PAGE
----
Andrew McCabe, who was acting director of the FBI in 2017, visited the Provincetown International Film Festival where he warned that foreign meddling in the 2020 presidential election will be more skillful than last time, and encouraged Congress to continue investigating President Trump. (Cape Cod Times)

Among the Bay State’s congressional delegation, US Sen. Elizabeth Warren and US Reps. Ayanna Pressley and Seth Moulton support impeaching the president, while the others do not. (Eagle-Tribune)

ELECTIONS

At a town hall event in Peabody, Congressman Seth Moulton said his exclusion from the first Democratic National Committee debates has not deterred him from the “marathon” contest of running for president. (Gloucester Daily Times)

With eight staff as of late May, former Massachusetts Gov. Bill Weld has had a tough slog so far in his bid to challenge President Trump in the New Hampshire Republican primary. (Lowell Sun)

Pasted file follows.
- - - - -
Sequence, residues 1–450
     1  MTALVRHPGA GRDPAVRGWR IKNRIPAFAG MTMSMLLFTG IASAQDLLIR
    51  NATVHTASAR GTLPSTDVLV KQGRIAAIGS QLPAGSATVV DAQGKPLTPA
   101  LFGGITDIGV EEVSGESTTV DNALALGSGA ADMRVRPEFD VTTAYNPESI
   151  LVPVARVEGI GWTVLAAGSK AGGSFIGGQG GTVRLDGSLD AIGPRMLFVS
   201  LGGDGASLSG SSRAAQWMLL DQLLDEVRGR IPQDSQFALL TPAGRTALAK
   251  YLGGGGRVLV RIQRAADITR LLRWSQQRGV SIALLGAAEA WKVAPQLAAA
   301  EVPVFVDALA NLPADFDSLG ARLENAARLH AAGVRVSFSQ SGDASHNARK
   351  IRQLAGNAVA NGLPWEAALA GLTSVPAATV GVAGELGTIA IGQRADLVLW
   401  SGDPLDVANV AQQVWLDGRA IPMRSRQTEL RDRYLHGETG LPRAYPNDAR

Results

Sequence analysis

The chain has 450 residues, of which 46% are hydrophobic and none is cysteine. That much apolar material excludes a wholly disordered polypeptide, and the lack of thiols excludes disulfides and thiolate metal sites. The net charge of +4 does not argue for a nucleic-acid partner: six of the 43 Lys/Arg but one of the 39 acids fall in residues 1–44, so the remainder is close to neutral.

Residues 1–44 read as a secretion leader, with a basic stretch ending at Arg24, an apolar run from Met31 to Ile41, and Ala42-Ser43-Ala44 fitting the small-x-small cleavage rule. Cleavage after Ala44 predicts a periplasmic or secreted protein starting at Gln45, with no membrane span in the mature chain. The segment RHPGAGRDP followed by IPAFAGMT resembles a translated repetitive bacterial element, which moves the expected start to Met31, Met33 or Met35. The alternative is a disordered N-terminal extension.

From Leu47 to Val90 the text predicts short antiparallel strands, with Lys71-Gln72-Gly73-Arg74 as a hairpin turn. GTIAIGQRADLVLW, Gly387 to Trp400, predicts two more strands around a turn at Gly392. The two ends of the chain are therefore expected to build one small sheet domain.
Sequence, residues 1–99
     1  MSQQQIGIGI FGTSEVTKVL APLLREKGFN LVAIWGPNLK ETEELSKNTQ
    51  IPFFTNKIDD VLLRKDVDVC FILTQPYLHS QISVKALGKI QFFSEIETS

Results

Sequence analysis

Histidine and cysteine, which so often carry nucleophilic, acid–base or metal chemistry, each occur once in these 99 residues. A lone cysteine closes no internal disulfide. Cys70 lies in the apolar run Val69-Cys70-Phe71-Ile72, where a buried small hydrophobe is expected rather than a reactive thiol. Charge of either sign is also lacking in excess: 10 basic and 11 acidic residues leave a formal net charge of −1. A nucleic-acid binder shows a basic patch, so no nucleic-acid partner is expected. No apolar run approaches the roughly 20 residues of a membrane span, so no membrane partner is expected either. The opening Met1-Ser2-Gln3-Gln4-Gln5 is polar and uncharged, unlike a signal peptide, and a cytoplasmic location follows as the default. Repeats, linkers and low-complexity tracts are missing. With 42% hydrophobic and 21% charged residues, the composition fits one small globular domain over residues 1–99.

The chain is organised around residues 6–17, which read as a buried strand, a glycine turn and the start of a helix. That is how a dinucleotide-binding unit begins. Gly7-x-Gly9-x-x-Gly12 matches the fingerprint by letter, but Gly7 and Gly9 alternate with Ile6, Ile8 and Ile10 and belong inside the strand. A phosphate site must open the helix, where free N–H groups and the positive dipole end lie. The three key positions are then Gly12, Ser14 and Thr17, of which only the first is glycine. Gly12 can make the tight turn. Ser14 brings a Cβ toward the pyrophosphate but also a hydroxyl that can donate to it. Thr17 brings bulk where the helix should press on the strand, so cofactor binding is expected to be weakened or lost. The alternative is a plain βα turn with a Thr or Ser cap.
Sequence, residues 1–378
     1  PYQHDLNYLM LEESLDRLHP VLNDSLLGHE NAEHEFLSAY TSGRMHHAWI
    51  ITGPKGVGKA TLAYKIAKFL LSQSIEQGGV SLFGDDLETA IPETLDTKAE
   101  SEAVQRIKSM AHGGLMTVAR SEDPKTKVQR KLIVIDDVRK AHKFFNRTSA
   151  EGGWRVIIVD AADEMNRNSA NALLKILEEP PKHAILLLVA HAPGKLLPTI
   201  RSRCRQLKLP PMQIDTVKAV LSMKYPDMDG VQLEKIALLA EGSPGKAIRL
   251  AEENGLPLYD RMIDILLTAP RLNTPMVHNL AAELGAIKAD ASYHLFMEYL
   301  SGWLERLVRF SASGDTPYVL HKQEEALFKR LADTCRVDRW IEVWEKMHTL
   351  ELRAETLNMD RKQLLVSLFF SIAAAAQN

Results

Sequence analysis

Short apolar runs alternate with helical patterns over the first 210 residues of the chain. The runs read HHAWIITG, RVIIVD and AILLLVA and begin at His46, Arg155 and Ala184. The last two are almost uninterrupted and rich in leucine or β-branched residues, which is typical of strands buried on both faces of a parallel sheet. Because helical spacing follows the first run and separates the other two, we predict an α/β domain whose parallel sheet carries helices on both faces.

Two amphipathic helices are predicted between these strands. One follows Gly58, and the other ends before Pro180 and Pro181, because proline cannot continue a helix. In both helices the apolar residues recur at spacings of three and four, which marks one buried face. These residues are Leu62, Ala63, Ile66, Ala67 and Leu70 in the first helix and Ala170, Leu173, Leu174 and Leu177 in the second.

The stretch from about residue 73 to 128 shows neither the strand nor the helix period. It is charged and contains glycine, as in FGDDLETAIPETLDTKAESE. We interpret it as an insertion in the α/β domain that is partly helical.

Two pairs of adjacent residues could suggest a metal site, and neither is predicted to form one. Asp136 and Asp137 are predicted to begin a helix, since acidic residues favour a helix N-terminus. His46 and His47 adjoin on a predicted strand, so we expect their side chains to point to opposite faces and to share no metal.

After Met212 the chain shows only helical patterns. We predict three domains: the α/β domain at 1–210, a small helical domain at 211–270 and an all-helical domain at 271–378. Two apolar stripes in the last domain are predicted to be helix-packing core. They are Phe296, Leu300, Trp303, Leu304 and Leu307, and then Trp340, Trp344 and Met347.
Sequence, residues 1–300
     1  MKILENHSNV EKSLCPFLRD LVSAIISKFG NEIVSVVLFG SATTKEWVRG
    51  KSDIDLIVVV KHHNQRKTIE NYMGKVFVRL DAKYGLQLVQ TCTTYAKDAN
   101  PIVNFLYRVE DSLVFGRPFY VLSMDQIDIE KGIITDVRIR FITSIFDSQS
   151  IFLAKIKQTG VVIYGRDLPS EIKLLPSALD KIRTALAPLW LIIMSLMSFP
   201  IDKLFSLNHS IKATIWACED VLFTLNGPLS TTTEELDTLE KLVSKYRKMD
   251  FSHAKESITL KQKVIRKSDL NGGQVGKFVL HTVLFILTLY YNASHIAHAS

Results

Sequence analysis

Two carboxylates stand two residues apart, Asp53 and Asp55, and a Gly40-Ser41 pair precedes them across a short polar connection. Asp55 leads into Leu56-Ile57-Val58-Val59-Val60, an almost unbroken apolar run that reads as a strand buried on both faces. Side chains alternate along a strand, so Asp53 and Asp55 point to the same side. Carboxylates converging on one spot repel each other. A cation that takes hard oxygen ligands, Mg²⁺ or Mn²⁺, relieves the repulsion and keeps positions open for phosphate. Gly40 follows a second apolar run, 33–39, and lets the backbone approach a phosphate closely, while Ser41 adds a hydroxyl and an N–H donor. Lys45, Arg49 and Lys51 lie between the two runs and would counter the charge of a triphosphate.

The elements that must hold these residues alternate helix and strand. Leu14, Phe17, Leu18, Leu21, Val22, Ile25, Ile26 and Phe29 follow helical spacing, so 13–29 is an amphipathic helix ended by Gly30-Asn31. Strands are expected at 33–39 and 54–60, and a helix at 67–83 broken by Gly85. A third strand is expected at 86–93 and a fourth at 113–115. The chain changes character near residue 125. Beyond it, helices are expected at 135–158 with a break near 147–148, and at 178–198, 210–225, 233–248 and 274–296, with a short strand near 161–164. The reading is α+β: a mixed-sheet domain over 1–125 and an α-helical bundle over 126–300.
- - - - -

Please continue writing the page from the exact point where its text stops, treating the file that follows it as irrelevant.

BUSINESS/ECONOMY

The University Station development in Westwood, which was laid low by the recession a decade ago, is finally on track. (Boston Globe)

EDUCATION

Former Massachusetts governor Jane Swift is jumping back into public policy and the spotlight by agreeing to take over at the helm of LearnLaunch, a Boston-based incubator for ed tech startups. (CommonWealth)

The Fall River School Committee has amended school bell schedules and approved changes to start and end times for five of the district’s 16 schools after complaints from parents (Herald News)

HEALTH CARE

The Massachusetts Nurses Association says Bay State hospitals have parked $1.6 billion in the Cayman Islands. (MetroWest Daily News)

A Globe editorial backs state Rep. Andy Vargas’s bill calling for an end to religious exemptions for childhood vaccinations.